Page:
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Betsy Weber on Flickr

Imagine living with no memory: every person you meet, even your mom or dad or best friend, you would have to ask them their name, their relationship to you, and other questions to get up to speed.

Websites have the same problem: when you re-visit their site, they don’t remember you. They use cookies but not the way we use cookies, to enjoy ourselves and feel better.

Websites use cookies to help them remember things. These cookies are created, updated, and deleted with web browsers. Website cookies are small bits of data, called a text file, that sit on your computer. Websites some times write out information to these data cookies so when you visit again, the website can pick up the cookie it left, read a little about you, then use the information as you browse the website. In most cases, these cookies are very useful for repeat visitors to a website.

There are two kinds of cookies: those that last only while you are on a website (called session cookies) and those that last between visits to a website (persistent cookies). But are also called http cookies but they serve different purposes.

In the same way eating 500 real cookies at one go can be a problem, for most people, the cookies a website leaves behind also can be a problem. Advertisers like to leave cookies to track where you go and, some times, what you do. It’s reported the US spy agency, the National Security Agency (NSA), also reads advertiser cookies on computers to track people. The rules for how and when cookies are used depends on the country you live in and, in some countries, the company that places the cookie.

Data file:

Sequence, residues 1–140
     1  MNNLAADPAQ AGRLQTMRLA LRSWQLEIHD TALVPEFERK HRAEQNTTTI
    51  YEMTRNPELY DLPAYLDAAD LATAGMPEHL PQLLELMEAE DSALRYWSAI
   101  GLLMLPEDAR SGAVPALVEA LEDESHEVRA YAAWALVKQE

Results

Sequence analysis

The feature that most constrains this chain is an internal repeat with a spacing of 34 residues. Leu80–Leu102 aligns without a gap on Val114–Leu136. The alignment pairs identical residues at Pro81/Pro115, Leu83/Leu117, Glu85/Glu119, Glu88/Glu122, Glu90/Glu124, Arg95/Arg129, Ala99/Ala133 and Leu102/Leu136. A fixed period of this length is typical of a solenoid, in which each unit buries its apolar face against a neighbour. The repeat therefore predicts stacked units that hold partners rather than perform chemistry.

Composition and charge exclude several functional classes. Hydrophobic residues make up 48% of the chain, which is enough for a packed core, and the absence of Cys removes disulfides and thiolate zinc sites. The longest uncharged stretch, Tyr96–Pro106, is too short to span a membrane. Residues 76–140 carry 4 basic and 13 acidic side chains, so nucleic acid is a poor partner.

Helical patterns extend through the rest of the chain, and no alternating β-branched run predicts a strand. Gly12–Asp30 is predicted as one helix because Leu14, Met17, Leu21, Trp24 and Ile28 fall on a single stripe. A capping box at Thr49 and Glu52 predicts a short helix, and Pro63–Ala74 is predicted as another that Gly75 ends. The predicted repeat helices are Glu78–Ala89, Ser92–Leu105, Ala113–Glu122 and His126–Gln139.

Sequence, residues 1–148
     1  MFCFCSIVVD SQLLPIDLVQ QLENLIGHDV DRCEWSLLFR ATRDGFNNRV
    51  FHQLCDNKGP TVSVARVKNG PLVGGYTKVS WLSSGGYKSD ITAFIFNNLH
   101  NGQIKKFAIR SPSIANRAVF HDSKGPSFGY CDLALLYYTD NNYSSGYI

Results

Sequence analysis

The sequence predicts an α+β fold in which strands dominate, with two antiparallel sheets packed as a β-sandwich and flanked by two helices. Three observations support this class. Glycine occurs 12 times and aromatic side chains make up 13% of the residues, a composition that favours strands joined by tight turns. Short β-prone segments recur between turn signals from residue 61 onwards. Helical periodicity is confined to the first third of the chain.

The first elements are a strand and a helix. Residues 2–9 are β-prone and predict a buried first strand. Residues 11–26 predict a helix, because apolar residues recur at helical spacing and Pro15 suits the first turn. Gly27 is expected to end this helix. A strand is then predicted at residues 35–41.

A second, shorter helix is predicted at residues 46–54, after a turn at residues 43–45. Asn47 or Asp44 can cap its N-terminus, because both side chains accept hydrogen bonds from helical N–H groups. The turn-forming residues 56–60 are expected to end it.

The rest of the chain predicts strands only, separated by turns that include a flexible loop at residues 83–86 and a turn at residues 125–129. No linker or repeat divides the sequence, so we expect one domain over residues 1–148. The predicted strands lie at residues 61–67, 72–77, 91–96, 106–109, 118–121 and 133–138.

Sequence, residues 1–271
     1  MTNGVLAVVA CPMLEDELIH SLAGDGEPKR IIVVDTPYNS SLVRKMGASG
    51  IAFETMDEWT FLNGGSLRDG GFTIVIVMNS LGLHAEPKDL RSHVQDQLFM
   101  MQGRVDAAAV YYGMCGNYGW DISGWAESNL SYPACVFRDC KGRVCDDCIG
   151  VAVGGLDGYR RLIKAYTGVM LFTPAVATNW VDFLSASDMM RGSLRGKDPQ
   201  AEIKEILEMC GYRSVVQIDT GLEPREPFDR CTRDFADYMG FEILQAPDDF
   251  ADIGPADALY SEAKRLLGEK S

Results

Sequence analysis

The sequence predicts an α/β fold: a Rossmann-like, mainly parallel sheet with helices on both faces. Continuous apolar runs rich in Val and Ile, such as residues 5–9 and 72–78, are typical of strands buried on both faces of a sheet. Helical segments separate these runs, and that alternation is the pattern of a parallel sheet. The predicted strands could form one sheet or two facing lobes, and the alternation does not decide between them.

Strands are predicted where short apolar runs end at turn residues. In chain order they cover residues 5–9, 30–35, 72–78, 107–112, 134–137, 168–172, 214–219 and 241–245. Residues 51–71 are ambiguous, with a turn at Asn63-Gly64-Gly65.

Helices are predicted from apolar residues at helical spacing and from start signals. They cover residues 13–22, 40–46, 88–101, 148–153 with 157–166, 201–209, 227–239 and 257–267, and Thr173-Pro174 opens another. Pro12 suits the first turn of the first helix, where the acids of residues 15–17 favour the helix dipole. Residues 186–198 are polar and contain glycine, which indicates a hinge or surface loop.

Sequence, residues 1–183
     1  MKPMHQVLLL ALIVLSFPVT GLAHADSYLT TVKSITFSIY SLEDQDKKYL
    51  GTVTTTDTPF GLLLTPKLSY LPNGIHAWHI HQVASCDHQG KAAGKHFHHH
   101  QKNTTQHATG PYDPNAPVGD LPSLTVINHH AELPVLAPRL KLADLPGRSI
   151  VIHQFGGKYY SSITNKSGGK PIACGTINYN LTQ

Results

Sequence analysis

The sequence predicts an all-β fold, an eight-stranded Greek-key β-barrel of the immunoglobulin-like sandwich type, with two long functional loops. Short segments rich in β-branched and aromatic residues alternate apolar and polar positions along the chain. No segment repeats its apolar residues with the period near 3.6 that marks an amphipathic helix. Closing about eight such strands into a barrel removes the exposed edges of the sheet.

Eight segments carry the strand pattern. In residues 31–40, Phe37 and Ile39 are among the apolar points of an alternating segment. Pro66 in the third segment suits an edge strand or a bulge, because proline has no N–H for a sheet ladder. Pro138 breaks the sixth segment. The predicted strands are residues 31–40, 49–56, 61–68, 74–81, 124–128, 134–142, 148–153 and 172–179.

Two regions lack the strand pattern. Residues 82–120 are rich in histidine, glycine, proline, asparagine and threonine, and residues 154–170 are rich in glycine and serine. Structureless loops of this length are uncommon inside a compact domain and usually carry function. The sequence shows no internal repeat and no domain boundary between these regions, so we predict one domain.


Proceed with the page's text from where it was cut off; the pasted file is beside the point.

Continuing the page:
For example, rules in the United States are fairly loose for what advertisers can do. Rules for Europe are much tighter. Yet Americans and Europeans alike can go to Google.com and use their site to find, browse, and erase any personal history the Google search engine has collected about the search terms they used in Google’s search engine. Google’s data about your search efforts is stored on their computers but a cookie helps them identify you.

Should you turn cookies off? Probably not if you log in to some websites. It is common to use cookies as part of the log in process and to authenticate you during your session on a website. Instead, web browsers have some form of Preferences tab or link where you can see all cookies currently managed by the browser. You can go through the list and delete cookies from advertisers or other sources, if that bothers you.

Here is an example of browsing cookies in the Firefox web browser:


Notice the _ga bit? It’s likely that is a unique ID to track my activity through Google Analytics, an online software tool website owners use to track activity on their sites. Because the site is the 3D object warehouse for SketchUp, software I use and like, this cookie does not bother me.

In short, cookies are like anything online. You should know about them. Cookies can make your online life easier. But they also should be watched over time to ensure your privacy.

If you are interested, this magazine site uses cookies but in a limited way. Cookies are used for subscribers who log in, to help remember them and save having to log in later, and for site activity reporting. However, I only track simple activities: the number of unique visitors compared to repeat visitors, the number of pages viewed, time spent during each visit, and similar data to give me a rough idea how the magazine site is used. I don’t, for example, track activity through the site on a visitor by visitor basis. I find that creepy.

Nor is it necessary. Readers who email me with questions and suggestions for content provide me with more insight than Google Analytics ever has in over 12 years of using these tools.

Learn More

HTTP Cookies


Cookies and the European Union (EU)


NSA uses Google Cookies to Pinpoint Targets for Hacking


(Real) Cookies